If you’re involved in home care, working to help look after elderly people and ensure they can stay in their own homes for longer, you might find the new My Inhealthcare app really beneficial for doing your job even more effectively than you do now.
It connects people directly to healthcare professionals such as yourself to help them manage their own health as best they can, with readings taken including blood pressure, blood glucose, weight, heart rate and more – all of which can be sent to you to help you monitor their health.
It can be used for a range of conditions, currently being used for the likes of diabetes, thrombosis, atrial fibrillation, would management, obesity, smoking cessation and tracking vital signs such as blood pressure, temperature and heart rate.
There’s also a medication reminder and scheduled appointment reminder service, so those in your care can keep all the important information they need in one place. It enables carers to review historic readings and results over time, submit meetings to their patient record, receive dosage instructions from their healthcare professional, keep a diary and more.
Care home manager at a specialist dementia facility Emma Smith was quoted by Care Home magazine as saying: “For our staff, the technology is very good, very quick and very easy to use. For our patients, the benefit is the potential to minimise admissions to hospital. A change in their environment can have a massive impact on their condition, so they need to be treated at their home.”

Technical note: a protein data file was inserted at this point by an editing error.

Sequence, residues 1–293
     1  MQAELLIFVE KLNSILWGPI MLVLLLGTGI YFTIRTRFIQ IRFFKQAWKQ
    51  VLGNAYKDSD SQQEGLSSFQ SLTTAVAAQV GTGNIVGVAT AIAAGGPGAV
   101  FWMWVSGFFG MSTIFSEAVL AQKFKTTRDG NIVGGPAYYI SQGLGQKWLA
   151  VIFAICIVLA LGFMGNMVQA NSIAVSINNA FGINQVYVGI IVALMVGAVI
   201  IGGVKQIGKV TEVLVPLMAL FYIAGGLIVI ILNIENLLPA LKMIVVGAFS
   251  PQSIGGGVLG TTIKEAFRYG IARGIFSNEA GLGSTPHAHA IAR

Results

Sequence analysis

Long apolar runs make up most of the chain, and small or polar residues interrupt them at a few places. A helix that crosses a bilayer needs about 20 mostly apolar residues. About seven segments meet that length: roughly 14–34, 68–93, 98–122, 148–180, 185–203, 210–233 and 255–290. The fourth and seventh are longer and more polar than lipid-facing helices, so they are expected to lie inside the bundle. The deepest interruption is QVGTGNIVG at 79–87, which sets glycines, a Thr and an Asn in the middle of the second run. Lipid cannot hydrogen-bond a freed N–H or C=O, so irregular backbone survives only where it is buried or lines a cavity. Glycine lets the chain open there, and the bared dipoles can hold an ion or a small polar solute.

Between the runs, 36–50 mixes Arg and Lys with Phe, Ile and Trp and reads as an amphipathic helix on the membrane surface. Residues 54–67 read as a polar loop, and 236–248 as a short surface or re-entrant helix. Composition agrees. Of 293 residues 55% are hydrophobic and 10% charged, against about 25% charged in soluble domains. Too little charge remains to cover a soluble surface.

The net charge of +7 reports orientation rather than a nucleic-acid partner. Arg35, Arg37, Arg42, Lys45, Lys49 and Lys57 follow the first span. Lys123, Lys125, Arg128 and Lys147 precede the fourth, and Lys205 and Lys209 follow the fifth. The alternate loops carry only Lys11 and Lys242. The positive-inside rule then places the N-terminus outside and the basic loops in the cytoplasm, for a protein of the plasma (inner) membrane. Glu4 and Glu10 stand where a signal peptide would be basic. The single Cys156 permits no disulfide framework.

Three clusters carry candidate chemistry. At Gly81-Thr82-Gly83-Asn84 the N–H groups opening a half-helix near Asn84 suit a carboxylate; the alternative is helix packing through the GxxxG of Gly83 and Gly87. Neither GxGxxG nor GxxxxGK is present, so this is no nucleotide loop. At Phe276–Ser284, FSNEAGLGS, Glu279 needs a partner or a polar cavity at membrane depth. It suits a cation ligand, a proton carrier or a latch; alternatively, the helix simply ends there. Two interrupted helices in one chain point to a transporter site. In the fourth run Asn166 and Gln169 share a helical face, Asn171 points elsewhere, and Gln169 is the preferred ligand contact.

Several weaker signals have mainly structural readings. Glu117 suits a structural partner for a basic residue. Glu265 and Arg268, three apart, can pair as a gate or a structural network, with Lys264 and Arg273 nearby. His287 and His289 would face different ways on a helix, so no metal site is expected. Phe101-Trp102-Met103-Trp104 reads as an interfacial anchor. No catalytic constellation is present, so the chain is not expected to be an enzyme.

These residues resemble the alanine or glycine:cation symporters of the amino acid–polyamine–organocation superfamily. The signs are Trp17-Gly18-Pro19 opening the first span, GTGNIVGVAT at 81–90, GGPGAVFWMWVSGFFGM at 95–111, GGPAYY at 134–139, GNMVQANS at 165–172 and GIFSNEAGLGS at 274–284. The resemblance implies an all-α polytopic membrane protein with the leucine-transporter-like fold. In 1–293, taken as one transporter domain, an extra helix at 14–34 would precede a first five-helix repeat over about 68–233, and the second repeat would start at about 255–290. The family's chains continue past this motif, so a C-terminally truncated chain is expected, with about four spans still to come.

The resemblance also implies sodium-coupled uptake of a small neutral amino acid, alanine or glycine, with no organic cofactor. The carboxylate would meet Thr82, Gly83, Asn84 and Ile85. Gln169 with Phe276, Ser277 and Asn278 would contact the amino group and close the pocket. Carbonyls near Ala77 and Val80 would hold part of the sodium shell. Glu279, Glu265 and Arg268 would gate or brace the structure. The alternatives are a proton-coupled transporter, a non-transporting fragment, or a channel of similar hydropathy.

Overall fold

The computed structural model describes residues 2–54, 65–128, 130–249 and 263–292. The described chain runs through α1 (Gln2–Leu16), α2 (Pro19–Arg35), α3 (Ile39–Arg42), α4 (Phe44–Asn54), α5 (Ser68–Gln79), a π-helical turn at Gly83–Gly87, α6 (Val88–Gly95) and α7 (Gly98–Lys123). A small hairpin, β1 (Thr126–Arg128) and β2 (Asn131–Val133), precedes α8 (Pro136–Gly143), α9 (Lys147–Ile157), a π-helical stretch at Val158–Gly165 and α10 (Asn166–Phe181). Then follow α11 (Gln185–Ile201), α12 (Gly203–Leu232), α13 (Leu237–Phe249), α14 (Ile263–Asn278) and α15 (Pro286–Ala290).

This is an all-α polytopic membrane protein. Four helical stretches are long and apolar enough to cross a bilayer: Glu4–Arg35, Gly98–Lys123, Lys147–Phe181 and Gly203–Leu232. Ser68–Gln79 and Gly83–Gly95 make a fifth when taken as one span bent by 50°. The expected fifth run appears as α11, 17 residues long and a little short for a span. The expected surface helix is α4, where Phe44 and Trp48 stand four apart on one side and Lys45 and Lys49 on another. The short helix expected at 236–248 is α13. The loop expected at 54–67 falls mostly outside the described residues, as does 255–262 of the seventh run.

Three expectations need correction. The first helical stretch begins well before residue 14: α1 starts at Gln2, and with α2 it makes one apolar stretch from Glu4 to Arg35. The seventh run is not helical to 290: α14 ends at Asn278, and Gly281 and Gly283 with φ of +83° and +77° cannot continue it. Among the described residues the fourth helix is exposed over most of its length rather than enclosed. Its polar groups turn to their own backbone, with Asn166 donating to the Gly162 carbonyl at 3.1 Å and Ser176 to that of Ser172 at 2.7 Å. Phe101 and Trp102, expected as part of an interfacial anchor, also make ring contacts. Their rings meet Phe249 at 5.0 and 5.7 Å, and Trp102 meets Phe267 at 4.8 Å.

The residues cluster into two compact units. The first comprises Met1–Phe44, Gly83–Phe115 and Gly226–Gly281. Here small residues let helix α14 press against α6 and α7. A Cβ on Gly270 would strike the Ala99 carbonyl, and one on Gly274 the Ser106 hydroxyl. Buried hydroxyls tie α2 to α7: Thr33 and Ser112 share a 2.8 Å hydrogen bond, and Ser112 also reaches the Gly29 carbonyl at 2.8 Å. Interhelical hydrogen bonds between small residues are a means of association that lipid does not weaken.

Read a few case studies on the Inhealthcare website to see how you and your patients could benefit in a similar way to others who are already using the app. Look at 84-year-old John Binks, for example, who was diagnosed with deep vein thrombosis at the age of 70 and was desperate to learn what all the medical jargon meant, as well as understanding the implications of taking warfarin.
Using the app, he can now self-test at home and relay the readings back to his clinic using a secure web-based portal. Now, he no longer has to make inconvenient trips to the clinic to provide these readings or receive his new dose of warfarin, receiving this at a time and place more convenient to him instead.
The result? John has boosted his self-confidence so significantly that his time in therapeutic range has continued to be stable. He also feels free from busy waiting rooms and his nurses report that they’re proud of his stable health and his independence.
“You get self-confidence and independence by self-testing. It’s very easy to do, you get trained, there are just a few actions you need to take to get a blood sample and like anything with routine it becomes second nature. It’s actually as easy as making a cup of tea,” John said.
He added that being more connected has provided him with a lifeline, allowing him to achieve productive and positive outcomes where his personal health is concerned.